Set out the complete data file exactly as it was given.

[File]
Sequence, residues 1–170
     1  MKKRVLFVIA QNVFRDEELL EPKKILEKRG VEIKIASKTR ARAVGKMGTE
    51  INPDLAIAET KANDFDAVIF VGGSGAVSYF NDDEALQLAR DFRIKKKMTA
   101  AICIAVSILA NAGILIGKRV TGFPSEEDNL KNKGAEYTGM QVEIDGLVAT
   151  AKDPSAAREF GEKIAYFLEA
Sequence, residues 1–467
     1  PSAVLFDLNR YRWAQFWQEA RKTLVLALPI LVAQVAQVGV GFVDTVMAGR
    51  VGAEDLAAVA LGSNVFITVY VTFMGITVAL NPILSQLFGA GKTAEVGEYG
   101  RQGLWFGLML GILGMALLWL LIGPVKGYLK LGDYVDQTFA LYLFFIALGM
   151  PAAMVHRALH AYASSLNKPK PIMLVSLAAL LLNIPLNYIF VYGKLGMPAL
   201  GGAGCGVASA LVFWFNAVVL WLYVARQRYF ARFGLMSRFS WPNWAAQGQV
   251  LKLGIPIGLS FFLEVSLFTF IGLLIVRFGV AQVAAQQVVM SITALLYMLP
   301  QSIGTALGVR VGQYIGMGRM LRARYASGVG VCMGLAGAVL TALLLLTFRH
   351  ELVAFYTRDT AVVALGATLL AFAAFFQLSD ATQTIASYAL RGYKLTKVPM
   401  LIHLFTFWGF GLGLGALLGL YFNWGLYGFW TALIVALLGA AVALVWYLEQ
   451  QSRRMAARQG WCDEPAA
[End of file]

Sequence, residues 1–170
     1  MKKRVLFVIA QNVFRDEELL EPKKILEKRG VEIKIASKTR ARAVGKMGTE
    51  INPDLAIAET KANDFDAVIF VGGSGAVSYF NDDEALQLAR DFRIKKKMTA
   101  AICIAVSILA NAGILIGKRV TGFPSEEDNL KNKGAEYTGM QVEIDGLVAT
   151  AKDPSAAREF GEKIAYFLEA
Sequence, residues 1–467
     1  PSAVLFDLNR YRWAQFWQEA RKTLVLALPI LVAQVAQVGV GFVDTVMAGR
    51  VGAEDLAAVA LGSNVFITVY VTFMGITVAL NPILSQLFGA GKTAEVGEYG
   101  RQGLWFGLML GILGMALLWL LIGPVKGYLK LGDYVDQTFA LYLFFIALGM
   151  PAAMVHRALH AYASSLNKPK PIMLVSLAAL LLNIPLNYIF VYGKLGMPAL
   201  GGAGCGVASA LVFWFNAVVL WLYVARQRYF ARFGLMSRFS WPNWAAQGQV
   251  LKLGIPIGLS FFLEVSLFTF IGLLIVRFGV AQVAAQQVVM SITALLYMLP
   301  QSIGTALGVR VGQYIGMGRM LRARYASGVG VCMGLAGAVL TALLLLTFRH
   351  ELVAFYTRDT AVVALGATLL AFAAFFQLSD ATQTIASYAL RGYKLTKVPM
   401  LIHLFTFWGF GLGLGALLGL YFNWGLYGFW TALIVALLGA AVALVWYLEQ
   451  QSRRMAARQG WCDEPAA